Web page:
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Jeb Bush avoids question about George in recent interview

Former Florida Gov. Jeb Bush wants to be clear: he is not the same as his brother. His brother Marvin that is.

Former Florida Gov. Jeb Bush wants to be clear: he is not the same as his brother.

His brother Marvin that is.

“He’s the runt of the litter,” said Bush, who is over six feet tall, in an interview with the popular email newsletter theSkimm.

The question posed to Bush was “What’s the number one way you’re different from your brother?” Bush initially answered with a question, “Different than Marvin?” theSkimm didn't push the conversation to focus on former President George W. Bush.

Bush is the latest 2016 presidential candidate to be interviewed by theSkimm for its “Skimm For 2016” series.

Bush described himself as a grinder who has “never taken more than a week off,” and he said his “dogged determination” is his greatest strength. His greatest weakness is a little less straightforward.

“I’d say it’s impatience,” the former Florida governor said. “I don’t suffer fools well, although a grinder would also try to work on that.”

Some may infer that Bush is referring to GOP front-runner Donald Trump when he says he doesn’t have the patience for fools. The two have argued back and forth many times since they announced their candidacies. 

Trump has said Bush has low energy, is weak on immigration and is controlled by his big money donors.

Bush has refuted those attacks and responded with his own, including a “which candidate are you?” quiz that mocked Trump and painted Bush as a conservative reformer.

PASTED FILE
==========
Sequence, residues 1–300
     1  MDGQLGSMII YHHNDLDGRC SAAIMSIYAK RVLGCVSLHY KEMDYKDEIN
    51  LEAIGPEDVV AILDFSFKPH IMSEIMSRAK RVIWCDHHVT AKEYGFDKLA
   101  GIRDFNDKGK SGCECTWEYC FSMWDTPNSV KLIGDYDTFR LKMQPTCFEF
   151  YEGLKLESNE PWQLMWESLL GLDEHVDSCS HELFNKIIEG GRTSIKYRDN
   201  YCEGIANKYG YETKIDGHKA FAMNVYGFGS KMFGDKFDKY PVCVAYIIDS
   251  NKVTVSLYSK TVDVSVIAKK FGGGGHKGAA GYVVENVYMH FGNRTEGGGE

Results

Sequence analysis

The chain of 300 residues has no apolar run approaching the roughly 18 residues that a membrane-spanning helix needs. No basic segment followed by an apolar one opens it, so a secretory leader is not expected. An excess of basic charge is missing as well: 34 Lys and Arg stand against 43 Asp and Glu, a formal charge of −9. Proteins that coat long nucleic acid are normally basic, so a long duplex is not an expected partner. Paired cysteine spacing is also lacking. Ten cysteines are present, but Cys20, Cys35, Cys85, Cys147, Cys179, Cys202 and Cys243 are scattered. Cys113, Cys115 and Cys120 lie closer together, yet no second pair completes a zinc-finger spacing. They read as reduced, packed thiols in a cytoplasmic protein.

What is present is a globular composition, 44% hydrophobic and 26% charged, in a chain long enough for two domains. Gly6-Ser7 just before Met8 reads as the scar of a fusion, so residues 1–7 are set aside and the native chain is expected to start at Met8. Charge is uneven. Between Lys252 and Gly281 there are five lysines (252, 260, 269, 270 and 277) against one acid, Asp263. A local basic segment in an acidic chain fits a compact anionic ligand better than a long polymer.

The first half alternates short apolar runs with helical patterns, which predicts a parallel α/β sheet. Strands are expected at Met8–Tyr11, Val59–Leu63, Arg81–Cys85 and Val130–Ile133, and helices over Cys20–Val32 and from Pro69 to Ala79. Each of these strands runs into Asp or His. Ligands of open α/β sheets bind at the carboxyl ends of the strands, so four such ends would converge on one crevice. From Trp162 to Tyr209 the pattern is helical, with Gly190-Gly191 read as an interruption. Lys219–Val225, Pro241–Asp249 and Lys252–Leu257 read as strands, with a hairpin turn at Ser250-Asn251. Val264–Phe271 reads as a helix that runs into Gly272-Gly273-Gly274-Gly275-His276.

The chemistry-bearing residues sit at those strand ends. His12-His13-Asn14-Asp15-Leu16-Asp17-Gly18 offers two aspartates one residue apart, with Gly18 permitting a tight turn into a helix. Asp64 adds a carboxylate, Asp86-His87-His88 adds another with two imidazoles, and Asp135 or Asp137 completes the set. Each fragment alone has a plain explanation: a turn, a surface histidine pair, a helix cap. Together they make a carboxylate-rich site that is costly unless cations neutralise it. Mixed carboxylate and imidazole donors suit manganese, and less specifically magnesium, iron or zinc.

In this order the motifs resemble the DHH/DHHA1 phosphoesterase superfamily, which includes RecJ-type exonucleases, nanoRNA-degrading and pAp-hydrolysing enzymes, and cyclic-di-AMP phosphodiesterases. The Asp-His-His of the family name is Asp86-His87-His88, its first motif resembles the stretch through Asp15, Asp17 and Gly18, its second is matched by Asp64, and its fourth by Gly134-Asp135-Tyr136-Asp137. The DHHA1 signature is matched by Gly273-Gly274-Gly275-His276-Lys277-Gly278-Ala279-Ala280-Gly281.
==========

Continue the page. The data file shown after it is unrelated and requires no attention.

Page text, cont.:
The rest of the interview focused on his position on a range of issues. He explained his usual stances on being pro-life, a strong supporter of the Second Amendment, a strong opposer of the Iran Nuclear Deal and a better strategist for the Middle East than President Barack Obama .

On climate change, Bush recognized that people have something to do with the changing climate, but he does not think the government should “destroy our economy and impose high costs on working families and low-income people to achieve a minimum result.” Bush could partially be referring to the Keystone XL Pipeline, which many Democrats oppose because of the harm it would cause to the environment, but is often supported by Republicans because its construction would create jobs.

On immigration, Bush made a not-so-subtle self-promotion of his book “Immigration Wars” and said he would propose a “conservative pro-growth immigration policy” that would enforce the rule of law, secure the border and create an economic strategy for legal immigration.

Ten other candidates including Sen. Marco Rubio, former business executive Carly Fiorina, Former U.S. Sec. of State Hillary Clinton and Sen. Bernie Sanders, have been interviewed by the Skimm.